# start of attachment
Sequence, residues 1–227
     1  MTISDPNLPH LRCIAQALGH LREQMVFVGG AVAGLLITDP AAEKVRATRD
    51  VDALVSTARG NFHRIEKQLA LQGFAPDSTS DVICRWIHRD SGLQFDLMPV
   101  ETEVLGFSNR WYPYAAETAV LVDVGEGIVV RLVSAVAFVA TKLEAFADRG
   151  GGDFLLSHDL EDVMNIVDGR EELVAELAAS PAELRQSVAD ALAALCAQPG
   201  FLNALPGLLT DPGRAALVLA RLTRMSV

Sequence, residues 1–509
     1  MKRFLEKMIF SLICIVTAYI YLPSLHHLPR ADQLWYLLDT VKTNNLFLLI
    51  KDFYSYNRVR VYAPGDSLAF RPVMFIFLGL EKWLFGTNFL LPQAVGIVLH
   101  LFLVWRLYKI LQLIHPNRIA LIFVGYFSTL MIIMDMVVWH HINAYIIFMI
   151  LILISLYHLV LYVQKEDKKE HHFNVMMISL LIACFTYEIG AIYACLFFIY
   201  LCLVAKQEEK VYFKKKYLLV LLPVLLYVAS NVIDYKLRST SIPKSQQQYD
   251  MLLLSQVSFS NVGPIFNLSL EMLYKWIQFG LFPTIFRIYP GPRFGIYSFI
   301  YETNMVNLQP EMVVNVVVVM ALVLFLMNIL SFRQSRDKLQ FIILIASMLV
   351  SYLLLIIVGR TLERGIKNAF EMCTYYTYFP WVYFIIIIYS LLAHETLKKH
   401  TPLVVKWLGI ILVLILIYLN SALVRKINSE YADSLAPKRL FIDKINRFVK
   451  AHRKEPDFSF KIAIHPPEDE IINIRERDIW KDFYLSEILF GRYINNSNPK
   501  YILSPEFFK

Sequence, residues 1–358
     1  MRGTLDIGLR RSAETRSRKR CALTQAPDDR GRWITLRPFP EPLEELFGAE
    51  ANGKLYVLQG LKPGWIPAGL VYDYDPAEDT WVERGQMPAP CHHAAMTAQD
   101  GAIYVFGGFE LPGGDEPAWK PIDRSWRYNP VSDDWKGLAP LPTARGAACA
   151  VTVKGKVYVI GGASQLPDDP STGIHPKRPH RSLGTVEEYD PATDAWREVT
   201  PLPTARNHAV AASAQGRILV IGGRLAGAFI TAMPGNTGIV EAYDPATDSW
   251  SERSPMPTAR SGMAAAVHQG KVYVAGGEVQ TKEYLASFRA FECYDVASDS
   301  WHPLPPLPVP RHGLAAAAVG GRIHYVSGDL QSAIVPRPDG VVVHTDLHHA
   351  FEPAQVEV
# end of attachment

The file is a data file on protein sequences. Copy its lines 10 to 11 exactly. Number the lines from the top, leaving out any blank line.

   101  LFLVWRLYKI LQLIHPNRIA LIFVGYFSTL MIIMDMVVWH HINAYIIFMI
   151  LILISLYHLV LYVQKEDKKE HHFNVMMISL LIACFTYEIG AIYACLFFIY